There are also substantial regional variations in the extent to which officers take gang involvement into account in their decision-making with youth (Figure V.3). To some extent, these mirror regional variations in the identified incidence of youth gang problems (see Chapter III, Figure III.14).
Female officers are considerably more likely than males to take gang involvement into account in their decision-making (63% versus 44%). Police officers working in a youth squad (72%) or as a school liaison/resource officer (75%) consider gang involvement in crime much more often in their decision-making than officers in patrol (33%), in management (60%), or in GIS (46%). This is not surprising, since most of the specialized programs that target youth gang members are located in the two former sections. Officers who had previously been assigned to a youth squad were more likely (86%) to consider apparent gang involvement than officers who had never served in a youth squad section (44%).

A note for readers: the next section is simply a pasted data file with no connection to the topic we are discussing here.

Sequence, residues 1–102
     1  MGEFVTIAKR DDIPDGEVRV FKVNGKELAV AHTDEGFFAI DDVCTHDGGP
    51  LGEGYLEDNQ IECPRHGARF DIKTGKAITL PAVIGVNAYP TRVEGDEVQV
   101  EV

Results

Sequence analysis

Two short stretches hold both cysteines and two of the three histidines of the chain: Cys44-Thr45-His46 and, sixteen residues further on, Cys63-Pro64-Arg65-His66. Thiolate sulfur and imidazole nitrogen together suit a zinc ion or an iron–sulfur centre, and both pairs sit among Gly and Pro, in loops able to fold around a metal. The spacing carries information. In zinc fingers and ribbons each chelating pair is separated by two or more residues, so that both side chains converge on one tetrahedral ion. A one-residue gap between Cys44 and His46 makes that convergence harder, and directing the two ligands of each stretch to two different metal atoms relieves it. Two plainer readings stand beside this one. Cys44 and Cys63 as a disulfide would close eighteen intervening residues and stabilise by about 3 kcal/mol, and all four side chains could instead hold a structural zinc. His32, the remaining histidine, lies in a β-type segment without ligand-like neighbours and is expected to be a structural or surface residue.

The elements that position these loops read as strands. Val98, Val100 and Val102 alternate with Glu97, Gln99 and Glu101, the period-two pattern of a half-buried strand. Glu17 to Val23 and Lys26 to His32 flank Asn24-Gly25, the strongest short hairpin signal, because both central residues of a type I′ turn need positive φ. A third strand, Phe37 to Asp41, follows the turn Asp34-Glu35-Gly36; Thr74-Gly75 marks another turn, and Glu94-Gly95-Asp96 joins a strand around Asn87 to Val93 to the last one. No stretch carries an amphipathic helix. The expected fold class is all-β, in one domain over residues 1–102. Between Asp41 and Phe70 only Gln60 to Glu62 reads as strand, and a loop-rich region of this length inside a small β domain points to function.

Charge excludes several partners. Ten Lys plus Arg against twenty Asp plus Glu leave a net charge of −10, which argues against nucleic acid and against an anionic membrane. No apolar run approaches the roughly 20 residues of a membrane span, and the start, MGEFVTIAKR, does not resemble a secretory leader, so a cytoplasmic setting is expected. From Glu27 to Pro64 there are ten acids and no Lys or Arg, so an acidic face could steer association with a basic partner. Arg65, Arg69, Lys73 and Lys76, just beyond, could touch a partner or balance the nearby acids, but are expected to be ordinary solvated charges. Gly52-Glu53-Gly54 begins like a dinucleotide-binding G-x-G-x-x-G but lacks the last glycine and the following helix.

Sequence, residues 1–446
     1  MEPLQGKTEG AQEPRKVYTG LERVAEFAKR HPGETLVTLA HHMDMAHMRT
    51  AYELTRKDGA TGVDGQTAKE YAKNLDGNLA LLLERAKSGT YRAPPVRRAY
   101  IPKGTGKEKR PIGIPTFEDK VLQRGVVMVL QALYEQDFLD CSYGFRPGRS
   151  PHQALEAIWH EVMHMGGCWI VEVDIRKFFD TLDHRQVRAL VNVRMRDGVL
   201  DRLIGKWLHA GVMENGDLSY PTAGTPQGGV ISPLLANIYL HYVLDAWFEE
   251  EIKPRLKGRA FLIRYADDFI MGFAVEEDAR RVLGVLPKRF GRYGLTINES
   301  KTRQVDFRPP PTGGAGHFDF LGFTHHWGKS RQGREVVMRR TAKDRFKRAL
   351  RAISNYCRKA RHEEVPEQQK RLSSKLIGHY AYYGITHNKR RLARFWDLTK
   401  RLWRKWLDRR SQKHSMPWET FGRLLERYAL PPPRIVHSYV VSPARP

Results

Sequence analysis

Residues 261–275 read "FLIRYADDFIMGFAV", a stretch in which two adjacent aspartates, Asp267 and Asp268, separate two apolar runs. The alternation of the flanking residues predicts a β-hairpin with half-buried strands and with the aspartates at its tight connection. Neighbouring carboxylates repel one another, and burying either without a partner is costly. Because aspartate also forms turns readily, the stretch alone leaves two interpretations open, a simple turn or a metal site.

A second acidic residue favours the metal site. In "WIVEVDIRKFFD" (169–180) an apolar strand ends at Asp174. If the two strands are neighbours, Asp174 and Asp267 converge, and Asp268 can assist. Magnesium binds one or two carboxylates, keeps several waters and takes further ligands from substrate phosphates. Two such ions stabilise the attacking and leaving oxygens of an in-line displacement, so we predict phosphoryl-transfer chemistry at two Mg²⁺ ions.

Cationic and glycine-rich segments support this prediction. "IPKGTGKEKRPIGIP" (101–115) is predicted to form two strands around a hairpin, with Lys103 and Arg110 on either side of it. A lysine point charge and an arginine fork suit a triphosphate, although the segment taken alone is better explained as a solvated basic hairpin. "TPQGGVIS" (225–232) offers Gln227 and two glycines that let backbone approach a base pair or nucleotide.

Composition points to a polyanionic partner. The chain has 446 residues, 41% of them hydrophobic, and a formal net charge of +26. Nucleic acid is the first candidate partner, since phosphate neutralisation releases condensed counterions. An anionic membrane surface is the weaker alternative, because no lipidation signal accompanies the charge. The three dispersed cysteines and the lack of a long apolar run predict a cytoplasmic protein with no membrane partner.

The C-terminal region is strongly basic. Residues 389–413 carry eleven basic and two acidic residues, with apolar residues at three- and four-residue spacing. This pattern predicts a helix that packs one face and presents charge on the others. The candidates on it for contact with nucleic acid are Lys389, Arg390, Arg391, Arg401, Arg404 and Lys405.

Most respondents (86%) felt that whether the offender committed the crime alone or in a group did not play a significant role in their decision-making. However, officers who did indicate that they considered this to be a minor factor suggested that a youth who commits a crime in a group may have been influenced by peer pressure. They told us that it is important to determine, to the best of their ability, the role which each youth played in the commission of the crime. Thus, they may charge the ringleader, but refer the others to alternative measures. Officers who indicated that group versus lone offending is not a factor explained that each person in a group must be treated the same way (except for those that have different prior records). Thus, if they charge one youth in a group, they would charge all participants, since they do not believe they can assign degrees of responsibility. These officers told us the degree of responsibility can be determined by the Crown Attorney or in youth court, depending on the seriousness of the offence. This does not necessarily mean that these officers would not consider informal action for crimes committed in groups. Rather, they will treat each youth in the group in the same way, and in the same way as if s/he had committed the offence alone.